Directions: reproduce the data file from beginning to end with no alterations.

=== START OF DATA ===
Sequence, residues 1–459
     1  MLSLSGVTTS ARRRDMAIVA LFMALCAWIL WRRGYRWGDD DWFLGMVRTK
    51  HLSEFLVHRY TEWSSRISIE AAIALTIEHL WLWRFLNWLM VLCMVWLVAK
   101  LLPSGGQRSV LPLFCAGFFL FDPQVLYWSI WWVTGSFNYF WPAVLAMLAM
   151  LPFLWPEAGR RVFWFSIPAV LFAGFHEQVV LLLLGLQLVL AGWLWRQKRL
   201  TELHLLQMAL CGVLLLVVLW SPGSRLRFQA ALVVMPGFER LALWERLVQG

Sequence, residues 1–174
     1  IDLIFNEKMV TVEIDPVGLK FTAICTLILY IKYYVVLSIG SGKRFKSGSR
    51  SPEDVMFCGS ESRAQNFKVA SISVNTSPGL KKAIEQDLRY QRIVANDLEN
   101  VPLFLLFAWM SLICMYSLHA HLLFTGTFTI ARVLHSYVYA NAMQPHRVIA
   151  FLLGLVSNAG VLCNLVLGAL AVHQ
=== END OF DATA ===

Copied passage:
Sequence, residues 1–459
     1  MLSLSGVTTS ARRRDMAIVA LFMALCAWIL WRRGYRWGDD DWFLGMVRTK
    51  HLSEFLVHRY TEWSSRISIE AAIALTIEHL WLWRFLNWLM VLCMVWLVAK
   101  LLPSGGQRSV LPLFCAGFFL FDPQVLYWSI WWVTGSFNYF WPAVLAMLAM
   151  LPFLWPEAGR RVFWFSIPAV LFAGFHEQVV LLLLGLQLVL AGWLWRQKRL
   201  TELHLLQMAL CGVLLLVVLW SPGSRLRFQA ALVVMPGFER LALWERLVQG

Sequence, residues 1–174
     1  IDLIFNEKMV TVEIDPVGLK FTAICTLILY IKYYVVLSIG SGKRFKSGSR
    51  SPEDVMFCGS ESRAQNFKVA SISVNTSPGL KKAIEQDLRY QRIVANDLEN
   101  VPLFLLFAWM SLICMYSLHA HLLFTGTFTI ARVLHSYVYA NAMQPHRVIA
   151  FLLGLVSNAG VLCNLVLGAL AVHQ